This is why I have said that “everything is worth nothing,” because once this chain detonates there will be nothing “financial” that is still solvent, nothing!  In case you haven’t made the connection yet, “everything IS worth nothing” right here and right now…and it’s been this way since well before 2008.  How can I say this?  Simple, there is a difference between “perceived value” and true value.  If you were to accept a $1 million IOU from an unemployed homeless person who has no job, no assets and no hope of either you would be a fool right?  Put another way, if you went under some bridge into a homeless tenement and saw a bunch of people living in tents, cardboard boxes and dumpsters, would you believe that each and every one of them were millionaires when they all showed you their $1 million IOU’s?  Of course not but this is the game, this is the scam…THIS is exactly what the banks are collectively doing.  It’s as if they are saying we are strong, we are safe…we are just as strong and safe as everyone else!

Of course another aspect is that for every “winner” there must be a “loser” because derivatives are a zero sum game but this doesn’t ever get spoken about.  It’s never ever spoken about because in today’s world there simply cannot be any “losers”…like Lehman Bros.  A “loser” would put blood in the water to be attacked and we cannot have this because then that one link in the chain would break and “netted out nets” would become gross for everyone involved.  The other thing that can never happen would be any tightening of credit whether it is to the system as a whole or to an individual player.  This goes back to Russell’s “inflate or die” again, for the system as a whole or for any single entity.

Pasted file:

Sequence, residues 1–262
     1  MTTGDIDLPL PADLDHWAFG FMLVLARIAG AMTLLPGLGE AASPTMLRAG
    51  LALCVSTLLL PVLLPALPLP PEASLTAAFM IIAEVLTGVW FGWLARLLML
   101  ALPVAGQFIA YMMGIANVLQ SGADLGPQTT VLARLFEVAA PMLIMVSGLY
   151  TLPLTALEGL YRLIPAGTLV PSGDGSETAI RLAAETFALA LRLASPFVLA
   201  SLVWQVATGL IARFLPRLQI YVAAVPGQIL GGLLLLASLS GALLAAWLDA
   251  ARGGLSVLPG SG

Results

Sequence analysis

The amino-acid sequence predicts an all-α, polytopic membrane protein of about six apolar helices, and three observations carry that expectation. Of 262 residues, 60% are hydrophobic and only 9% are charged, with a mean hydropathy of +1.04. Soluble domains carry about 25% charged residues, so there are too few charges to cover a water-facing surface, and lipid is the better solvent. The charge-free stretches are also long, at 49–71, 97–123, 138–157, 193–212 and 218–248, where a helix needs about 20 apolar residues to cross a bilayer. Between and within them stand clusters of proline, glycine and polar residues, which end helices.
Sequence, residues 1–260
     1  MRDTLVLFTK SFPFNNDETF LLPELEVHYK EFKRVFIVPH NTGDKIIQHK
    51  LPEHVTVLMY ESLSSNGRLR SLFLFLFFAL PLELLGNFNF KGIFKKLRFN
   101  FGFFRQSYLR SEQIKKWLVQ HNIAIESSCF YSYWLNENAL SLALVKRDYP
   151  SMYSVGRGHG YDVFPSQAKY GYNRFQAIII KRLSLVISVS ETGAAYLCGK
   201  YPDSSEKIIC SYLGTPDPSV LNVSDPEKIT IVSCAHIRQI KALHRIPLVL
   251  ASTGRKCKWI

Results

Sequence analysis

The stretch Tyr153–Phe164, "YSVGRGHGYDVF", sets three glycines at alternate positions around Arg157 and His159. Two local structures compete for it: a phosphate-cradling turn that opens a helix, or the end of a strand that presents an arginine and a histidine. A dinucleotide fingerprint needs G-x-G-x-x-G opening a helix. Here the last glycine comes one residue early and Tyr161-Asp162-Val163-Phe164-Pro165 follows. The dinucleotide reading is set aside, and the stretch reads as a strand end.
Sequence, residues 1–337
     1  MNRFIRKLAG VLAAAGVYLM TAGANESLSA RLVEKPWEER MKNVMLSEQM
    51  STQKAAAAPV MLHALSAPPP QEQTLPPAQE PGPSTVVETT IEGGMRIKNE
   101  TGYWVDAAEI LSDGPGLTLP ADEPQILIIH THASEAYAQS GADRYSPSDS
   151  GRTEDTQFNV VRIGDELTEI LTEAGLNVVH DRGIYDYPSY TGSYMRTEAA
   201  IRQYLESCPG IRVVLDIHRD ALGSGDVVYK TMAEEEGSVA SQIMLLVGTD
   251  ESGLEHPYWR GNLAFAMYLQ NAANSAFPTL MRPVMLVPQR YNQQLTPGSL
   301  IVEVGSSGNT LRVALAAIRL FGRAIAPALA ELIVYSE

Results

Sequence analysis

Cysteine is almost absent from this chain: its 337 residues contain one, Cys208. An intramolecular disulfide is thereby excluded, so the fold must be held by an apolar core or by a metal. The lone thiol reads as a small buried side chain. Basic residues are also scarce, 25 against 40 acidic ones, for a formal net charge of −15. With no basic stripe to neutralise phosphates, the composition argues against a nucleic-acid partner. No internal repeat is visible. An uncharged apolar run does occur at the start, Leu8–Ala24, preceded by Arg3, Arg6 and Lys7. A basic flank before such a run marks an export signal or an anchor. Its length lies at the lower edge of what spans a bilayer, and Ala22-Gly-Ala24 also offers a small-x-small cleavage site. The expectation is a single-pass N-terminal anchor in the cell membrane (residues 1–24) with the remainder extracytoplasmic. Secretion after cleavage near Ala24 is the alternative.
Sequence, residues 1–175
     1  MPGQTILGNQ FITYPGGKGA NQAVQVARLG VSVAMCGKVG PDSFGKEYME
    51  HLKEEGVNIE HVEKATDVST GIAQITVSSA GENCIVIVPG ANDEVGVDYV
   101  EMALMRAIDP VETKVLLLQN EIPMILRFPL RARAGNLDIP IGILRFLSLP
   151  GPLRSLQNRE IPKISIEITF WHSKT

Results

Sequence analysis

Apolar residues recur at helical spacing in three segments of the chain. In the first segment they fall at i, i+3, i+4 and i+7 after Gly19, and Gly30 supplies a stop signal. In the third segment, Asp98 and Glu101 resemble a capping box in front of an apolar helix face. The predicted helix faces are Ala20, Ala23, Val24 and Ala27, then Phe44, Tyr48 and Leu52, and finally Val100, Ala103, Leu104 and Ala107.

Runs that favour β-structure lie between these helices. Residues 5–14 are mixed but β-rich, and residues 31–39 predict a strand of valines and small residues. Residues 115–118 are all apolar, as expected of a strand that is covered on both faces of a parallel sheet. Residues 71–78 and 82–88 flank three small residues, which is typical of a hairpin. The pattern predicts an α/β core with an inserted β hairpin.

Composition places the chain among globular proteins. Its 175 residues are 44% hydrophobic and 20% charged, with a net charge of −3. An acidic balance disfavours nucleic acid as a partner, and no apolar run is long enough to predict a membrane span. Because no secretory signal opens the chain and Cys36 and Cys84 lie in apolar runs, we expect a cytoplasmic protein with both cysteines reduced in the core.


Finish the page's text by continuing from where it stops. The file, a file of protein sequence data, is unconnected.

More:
I have a few questions for you, have you ever wondered why the markets seem to act so differently today than they did in years gone by?  Is it possible that the derivatives themselves have and are being used to actually “price” the markets?  Could it be that the markets have to be “priced” because if they were not…there might actually be some unexpected “big losers” …somewhere?  And what exactly would it mean if some big bank like Bank of America, JP Morgan or Deutsche Bank were to get into trouble and actually default?  The answer of course is that derivatives far and wide would have to “perform” and the problem is that there is not enough money in the system for even 1 or 2% of them in the aggregate to perform.

Please understand that this was not meant to be a highly technical piece by any means.  I tried to make this as simple as possible because the concept that “everyone is insured because everyone insures everyone else” is false.  If you can grasp this then the term “everything is worth nothing” should then make perfect sense no matter how ridiculous it sounds.  Also please understand that when this does occur, it will happen faster than anyone can react to it.

P.S.  For those who would like to get more technical, Zero Hedge put out a great piece back in 2011 titled How US Banks Are Lying About Their European Exposure; Or How Bilateral Netting Ends With A Bang, Not A Whimper  which needs to be read several times to fully understand “net versus gross.”